Prolonged subcutaneous delivery of low molecular weight heparin based on thermoresponsive hydrogels with chitosan nanocomplexes: Design,in vitroevaluation, and cytotoxicity studies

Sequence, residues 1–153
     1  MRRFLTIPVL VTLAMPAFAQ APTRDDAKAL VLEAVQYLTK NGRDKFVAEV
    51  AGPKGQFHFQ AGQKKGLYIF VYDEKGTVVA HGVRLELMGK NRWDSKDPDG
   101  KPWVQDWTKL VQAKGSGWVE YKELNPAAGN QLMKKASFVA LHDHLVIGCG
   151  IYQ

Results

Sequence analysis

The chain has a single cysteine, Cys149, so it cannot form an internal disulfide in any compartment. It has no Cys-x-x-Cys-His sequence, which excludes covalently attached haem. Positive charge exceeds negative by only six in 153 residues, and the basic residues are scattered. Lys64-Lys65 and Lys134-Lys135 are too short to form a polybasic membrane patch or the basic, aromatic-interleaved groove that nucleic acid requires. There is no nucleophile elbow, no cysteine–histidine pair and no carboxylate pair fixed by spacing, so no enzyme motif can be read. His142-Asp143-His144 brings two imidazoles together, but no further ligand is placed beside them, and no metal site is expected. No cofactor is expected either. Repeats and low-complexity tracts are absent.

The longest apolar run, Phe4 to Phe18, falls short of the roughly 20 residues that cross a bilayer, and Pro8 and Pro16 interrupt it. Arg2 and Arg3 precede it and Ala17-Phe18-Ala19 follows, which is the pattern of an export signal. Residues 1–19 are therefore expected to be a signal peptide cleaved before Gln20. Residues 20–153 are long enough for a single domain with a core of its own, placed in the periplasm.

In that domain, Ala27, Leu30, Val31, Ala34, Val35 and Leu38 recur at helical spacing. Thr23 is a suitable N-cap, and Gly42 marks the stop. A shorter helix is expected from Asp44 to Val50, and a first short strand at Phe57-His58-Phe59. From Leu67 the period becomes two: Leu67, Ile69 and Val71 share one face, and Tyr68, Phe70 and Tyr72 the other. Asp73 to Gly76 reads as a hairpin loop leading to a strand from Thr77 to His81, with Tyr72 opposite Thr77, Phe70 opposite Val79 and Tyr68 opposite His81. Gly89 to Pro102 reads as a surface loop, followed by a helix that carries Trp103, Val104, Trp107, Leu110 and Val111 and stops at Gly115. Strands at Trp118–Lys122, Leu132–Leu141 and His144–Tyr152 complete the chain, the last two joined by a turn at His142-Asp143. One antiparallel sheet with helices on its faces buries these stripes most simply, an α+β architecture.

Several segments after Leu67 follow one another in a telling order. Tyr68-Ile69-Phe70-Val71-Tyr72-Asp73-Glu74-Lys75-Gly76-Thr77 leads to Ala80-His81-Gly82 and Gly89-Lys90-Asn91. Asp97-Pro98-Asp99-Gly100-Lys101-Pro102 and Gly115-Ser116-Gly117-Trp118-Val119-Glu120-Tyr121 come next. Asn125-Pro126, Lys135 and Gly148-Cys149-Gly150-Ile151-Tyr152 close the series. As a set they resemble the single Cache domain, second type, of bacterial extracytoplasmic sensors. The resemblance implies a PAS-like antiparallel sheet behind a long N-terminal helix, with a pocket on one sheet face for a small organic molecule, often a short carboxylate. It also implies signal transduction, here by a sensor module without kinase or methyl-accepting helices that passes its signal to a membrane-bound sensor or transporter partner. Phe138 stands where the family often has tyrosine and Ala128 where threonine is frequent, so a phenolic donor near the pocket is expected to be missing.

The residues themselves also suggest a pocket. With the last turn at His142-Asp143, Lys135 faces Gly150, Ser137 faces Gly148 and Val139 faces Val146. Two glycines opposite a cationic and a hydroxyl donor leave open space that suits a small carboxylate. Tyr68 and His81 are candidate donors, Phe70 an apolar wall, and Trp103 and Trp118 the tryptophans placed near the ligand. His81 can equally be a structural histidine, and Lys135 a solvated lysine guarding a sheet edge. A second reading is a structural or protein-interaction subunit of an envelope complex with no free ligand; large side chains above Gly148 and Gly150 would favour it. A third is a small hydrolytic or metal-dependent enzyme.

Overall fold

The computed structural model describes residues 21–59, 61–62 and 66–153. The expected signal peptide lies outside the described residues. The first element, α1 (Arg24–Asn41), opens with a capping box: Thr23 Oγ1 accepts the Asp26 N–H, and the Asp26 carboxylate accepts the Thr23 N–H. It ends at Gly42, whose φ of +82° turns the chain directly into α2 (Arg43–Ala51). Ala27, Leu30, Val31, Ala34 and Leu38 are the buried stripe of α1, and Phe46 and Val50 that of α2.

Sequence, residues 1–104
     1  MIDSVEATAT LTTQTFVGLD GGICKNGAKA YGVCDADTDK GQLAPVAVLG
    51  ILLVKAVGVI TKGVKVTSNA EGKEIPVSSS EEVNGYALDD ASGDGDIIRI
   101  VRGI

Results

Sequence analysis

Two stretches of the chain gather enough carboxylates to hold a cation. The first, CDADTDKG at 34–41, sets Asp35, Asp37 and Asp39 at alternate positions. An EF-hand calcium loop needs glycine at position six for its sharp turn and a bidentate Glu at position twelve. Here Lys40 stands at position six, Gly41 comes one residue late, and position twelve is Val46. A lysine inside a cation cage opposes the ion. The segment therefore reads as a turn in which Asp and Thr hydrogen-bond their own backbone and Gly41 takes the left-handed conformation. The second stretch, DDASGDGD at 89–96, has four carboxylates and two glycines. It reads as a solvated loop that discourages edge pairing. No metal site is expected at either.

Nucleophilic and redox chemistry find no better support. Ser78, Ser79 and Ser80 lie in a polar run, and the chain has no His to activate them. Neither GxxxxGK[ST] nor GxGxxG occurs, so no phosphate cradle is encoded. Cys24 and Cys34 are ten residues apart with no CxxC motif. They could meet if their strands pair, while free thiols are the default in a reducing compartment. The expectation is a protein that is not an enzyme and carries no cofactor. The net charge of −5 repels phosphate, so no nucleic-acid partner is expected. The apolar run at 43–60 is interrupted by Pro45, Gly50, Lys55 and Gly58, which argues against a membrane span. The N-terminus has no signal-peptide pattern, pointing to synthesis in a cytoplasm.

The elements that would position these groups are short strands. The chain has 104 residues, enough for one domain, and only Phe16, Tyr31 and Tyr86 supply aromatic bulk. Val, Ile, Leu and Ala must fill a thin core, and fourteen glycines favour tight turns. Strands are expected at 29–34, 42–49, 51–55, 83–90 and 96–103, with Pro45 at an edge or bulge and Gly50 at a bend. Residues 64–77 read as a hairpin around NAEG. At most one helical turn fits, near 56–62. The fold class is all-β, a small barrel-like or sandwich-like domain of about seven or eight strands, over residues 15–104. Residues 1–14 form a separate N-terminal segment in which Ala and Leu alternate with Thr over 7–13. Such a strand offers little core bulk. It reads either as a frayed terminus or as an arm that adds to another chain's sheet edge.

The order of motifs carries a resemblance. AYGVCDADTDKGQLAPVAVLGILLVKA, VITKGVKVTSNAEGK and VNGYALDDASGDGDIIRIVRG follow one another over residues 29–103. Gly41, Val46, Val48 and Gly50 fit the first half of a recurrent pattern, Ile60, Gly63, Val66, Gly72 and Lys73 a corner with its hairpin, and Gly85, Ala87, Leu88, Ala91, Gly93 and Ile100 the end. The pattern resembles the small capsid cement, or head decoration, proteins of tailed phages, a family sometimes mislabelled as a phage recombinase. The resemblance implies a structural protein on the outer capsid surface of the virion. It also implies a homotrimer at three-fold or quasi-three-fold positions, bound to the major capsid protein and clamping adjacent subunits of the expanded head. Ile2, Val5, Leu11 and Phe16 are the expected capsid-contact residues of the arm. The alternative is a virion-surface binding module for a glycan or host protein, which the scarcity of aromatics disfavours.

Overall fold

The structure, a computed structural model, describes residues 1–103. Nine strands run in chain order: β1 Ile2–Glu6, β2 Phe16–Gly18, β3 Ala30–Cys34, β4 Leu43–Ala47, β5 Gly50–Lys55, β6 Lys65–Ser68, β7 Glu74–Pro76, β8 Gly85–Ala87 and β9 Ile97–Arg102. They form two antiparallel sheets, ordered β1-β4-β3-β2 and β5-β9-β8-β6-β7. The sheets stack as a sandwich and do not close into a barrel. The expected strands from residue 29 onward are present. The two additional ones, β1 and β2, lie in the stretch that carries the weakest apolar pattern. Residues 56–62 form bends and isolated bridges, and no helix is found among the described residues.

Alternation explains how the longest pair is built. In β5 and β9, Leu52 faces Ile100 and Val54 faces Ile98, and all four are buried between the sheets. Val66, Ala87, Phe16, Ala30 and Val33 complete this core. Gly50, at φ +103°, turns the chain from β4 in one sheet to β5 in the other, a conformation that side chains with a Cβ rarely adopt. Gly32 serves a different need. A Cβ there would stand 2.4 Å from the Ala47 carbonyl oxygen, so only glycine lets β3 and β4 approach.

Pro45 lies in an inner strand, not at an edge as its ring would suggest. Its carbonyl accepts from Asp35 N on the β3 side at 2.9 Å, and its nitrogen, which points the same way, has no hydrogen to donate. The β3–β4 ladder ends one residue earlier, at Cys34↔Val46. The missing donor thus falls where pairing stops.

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Low molecular weight heparins (LMWHs) have risen in popularity over the past decades. Owing to their appropriate pharmacokinetic profile, they enable long-term clinical applications, e.g. prophylaxis of deep vein thrombosis. Although the administration of LMWHs is not as frequent as of heparin, it still requires once daily injection at least. In order to prolong LMWH release, and thus provide less frequent subcutaneous administration, we designed and thoroughly evaluated thermoresponsive poloxamer-based systems combined with LMWH/chitosan pH-responsive nanocomplexes. A LMWH/chitosan mass ratio of 1:2 was the most appropriate for preparation of small, homogenous and stable nanocomplexes. Thermoresponsive hydrogels were examined by gelation temperature and time, thermal analysis, gel dissolution, LMWH release, and cytotoxicity in vitro. Hydrogels’ behaviour was significantly shifted by gel composition e.g. the addition of hydroxypropylmethylcellulose to poloxamer-based systems decreased gelation temperature and time (from 28.6 °C to 25.1 °C and from 50 s to 44 s, respectively), but prolonged gel dissolution and LMWH release (7 and 4 days, respectively). Prolongation of drug release was additionally achieved with incorporation of LMWH/chitosan nanocomplexes into the gelling systems. As formulations demonstrated no cytotoxicity in vitro, it may be concluded that these double-responsive platforms are promising candidates for prolonged subcutaneous LMWH delivery during long-term treatment.

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